This thesis demonstrates and confirms that economic policies can, both intentionally as well as unintentionally, affect mobility behaviour to a substantial extent. With respect to intentionally affecting behaviour, it specifically focusses on tradable mobility permits, as an alternative to congestion charges that usually lack sufficient public support. Although attention in the literature for tradable permits, as a promising viable policy to reduce congestion, has been increasing, few empirical tests of the concept have been previously presented. This thesis presents initial evidence that tradable permits do not only function well in theory, but also do so in practice. It presents and empirically tests a complete design of a market for tradable permits, both in terms of the conceptual set-up of the market as well as its technical implementation. Survey responses, trading data and data on permit usage from the three conducted experiments indicate that most users understand how to use and trade the tradable permits. The empirical functioning of the market design has been demonstrated with a lab-in-the-field experiment, an experiment with real behaviour among students, and an 8-week experiment with tradable parking permits and real parking behaviour. As the number of participants in each of the experiments was relatively small, and the specific presented applications of tradable permits differ from applying permits to rush hour on the road, an important next step for future research is to conduct a large scale experiment with the latter application. Furthermore, a system of tradable permits could also be used for other purposes, as the presented results suggest that such a system is generally well understood by participants. In times of Covid-19, it could for example be used as a measure to ensure an efficient allocation of scarce space in public transport. With respect to unintentional effects of policy measures on mobility behaviour, this thesis shows that policies in seemingly unrelated domains can substantially affect such behaviour, and, in the case of reducing phone use fees, can result in a substantial increase in the number of vehicles involved in accidents. In conclusion, this thesis has empirically demonstrated that one specific economic policy, namely a tradable permit system, is sufficiently promising as a solution to transport externalities to warrant further, larger scale experiments and applications. It also has shown that new policies, in other domains than transportation, can have unintended and important consequences on mobility behaviour that need to be considered and addressed.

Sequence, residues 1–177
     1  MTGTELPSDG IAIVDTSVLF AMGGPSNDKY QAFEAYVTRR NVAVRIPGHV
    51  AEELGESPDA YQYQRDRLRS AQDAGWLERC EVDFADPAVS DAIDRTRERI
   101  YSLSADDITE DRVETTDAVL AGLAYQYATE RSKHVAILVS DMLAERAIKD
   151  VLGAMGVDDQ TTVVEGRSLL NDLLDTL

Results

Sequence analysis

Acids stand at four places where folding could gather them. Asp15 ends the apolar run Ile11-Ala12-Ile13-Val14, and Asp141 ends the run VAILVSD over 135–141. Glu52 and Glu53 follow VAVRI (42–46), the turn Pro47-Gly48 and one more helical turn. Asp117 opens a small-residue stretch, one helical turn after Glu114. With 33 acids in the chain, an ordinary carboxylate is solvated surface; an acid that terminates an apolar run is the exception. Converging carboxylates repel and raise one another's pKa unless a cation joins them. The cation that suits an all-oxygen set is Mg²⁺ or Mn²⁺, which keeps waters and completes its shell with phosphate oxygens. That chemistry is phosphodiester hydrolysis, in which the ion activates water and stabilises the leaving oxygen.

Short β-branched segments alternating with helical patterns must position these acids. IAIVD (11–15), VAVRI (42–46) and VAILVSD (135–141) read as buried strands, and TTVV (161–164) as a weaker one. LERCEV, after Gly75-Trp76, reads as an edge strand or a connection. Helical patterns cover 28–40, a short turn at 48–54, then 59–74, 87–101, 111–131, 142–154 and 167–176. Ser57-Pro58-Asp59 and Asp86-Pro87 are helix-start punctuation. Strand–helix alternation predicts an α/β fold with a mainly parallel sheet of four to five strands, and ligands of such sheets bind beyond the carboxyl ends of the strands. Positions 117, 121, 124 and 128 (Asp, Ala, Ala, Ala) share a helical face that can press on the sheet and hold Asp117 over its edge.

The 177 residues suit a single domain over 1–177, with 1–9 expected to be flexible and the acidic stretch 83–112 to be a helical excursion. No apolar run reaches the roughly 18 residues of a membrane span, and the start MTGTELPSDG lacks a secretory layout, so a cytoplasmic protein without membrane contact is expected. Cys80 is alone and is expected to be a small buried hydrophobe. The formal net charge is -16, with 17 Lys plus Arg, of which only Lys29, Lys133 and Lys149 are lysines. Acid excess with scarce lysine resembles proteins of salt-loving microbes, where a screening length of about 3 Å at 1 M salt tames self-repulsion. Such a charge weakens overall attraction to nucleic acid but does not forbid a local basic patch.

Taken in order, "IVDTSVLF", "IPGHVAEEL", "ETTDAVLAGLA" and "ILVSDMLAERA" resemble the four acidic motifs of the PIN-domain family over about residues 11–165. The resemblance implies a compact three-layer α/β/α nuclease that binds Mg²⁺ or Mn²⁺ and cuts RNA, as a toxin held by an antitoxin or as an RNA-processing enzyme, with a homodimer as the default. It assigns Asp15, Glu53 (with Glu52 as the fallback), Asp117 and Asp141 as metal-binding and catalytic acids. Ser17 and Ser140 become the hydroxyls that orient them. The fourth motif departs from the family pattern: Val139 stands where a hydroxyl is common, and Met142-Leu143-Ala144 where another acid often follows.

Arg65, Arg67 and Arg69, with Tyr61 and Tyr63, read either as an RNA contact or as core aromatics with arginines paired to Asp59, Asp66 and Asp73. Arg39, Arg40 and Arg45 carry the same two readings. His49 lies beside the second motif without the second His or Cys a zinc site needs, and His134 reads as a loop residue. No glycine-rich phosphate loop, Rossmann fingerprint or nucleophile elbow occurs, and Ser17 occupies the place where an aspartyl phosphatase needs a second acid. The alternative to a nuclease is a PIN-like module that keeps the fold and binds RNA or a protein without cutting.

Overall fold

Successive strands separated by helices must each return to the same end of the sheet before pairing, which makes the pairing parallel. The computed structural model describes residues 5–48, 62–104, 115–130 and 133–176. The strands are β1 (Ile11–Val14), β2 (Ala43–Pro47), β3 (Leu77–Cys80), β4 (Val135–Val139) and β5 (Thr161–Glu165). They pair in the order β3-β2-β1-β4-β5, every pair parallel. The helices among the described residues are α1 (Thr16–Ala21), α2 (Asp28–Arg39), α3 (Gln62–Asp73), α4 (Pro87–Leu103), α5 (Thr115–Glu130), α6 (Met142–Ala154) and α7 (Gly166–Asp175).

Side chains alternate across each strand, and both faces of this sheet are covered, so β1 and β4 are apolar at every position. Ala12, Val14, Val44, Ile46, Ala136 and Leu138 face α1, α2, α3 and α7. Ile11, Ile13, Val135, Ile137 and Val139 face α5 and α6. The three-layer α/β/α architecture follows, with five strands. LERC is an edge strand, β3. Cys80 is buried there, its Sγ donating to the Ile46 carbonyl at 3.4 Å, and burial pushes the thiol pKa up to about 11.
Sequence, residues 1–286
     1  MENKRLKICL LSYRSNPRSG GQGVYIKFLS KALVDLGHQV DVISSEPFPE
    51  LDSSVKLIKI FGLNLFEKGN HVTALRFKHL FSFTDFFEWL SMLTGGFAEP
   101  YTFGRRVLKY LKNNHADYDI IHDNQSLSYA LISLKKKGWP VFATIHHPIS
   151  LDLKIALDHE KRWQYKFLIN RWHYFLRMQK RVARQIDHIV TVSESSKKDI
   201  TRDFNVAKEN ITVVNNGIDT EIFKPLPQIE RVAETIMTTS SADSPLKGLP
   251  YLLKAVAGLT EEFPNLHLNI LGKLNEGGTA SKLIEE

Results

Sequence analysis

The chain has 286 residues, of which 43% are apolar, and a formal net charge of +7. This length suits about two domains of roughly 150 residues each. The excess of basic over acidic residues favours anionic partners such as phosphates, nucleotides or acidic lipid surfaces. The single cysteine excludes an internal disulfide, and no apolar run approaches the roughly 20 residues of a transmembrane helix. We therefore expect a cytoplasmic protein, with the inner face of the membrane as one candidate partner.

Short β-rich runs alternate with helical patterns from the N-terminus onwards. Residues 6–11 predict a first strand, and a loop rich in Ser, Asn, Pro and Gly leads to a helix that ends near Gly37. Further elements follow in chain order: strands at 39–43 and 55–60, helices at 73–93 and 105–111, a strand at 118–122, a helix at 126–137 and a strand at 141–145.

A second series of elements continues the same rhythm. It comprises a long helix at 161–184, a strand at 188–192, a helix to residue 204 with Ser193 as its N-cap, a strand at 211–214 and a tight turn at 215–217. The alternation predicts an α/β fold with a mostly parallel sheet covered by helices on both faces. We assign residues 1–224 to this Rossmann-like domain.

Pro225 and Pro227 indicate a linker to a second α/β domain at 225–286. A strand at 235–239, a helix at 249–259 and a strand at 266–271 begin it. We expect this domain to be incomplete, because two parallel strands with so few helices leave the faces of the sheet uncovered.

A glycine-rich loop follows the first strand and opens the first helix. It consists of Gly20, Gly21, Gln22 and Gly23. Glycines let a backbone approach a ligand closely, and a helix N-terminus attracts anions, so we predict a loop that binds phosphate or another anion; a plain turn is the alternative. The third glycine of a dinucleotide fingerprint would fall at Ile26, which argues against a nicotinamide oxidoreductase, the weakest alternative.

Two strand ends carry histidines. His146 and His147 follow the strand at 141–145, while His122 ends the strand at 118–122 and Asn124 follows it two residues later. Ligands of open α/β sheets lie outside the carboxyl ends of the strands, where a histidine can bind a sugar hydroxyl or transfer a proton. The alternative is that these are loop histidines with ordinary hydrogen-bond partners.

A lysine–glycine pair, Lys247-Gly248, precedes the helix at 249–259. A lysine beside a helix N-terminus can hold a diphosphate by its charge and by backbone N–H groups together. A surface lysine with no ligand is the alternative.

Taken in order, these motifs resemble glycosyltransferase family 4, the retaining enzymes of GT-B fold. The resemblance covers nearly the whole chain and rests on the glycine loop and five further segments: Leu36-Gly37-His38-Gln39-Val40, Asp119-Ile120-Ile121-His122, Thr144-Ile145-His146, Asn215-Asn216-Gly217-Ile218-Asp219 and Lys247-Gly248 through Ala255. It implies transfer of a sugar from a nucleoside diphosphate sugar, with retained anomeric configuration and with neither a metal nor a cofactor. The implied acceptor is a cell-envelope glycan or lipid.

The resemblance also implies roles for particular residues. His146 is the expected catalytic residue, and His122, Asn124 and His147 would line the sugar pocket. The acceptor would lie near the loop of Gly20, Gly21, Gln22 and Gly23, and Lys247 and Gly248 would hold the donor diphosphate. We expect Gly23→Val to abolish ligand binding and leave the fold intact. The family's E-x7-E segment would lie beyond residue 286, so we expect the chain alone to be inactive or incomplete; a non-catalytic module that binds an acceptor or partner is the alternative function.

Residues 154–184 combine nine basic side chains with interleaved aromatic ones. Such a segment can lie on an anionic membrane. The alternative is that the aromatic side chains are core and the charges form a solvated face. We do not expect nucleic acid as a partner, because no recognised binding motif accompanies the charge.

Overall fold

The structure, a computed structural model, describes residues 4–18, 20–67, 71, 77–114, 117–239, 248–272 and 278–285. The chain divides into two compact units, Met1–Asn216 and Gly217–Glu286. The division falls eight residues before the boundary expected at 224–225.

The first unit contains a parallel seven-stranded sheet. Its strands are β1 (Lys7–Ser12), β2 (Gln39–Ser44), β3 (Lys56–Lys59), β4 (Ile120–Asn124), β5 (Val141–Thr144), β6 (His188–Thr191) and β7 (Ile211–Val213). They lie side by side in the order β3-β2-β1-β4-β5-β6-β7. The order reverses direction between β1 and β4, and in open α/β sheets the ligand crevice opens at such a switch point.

|Award date||25 Oct 2021|
|Publication status||Published - 25 Oct 2021|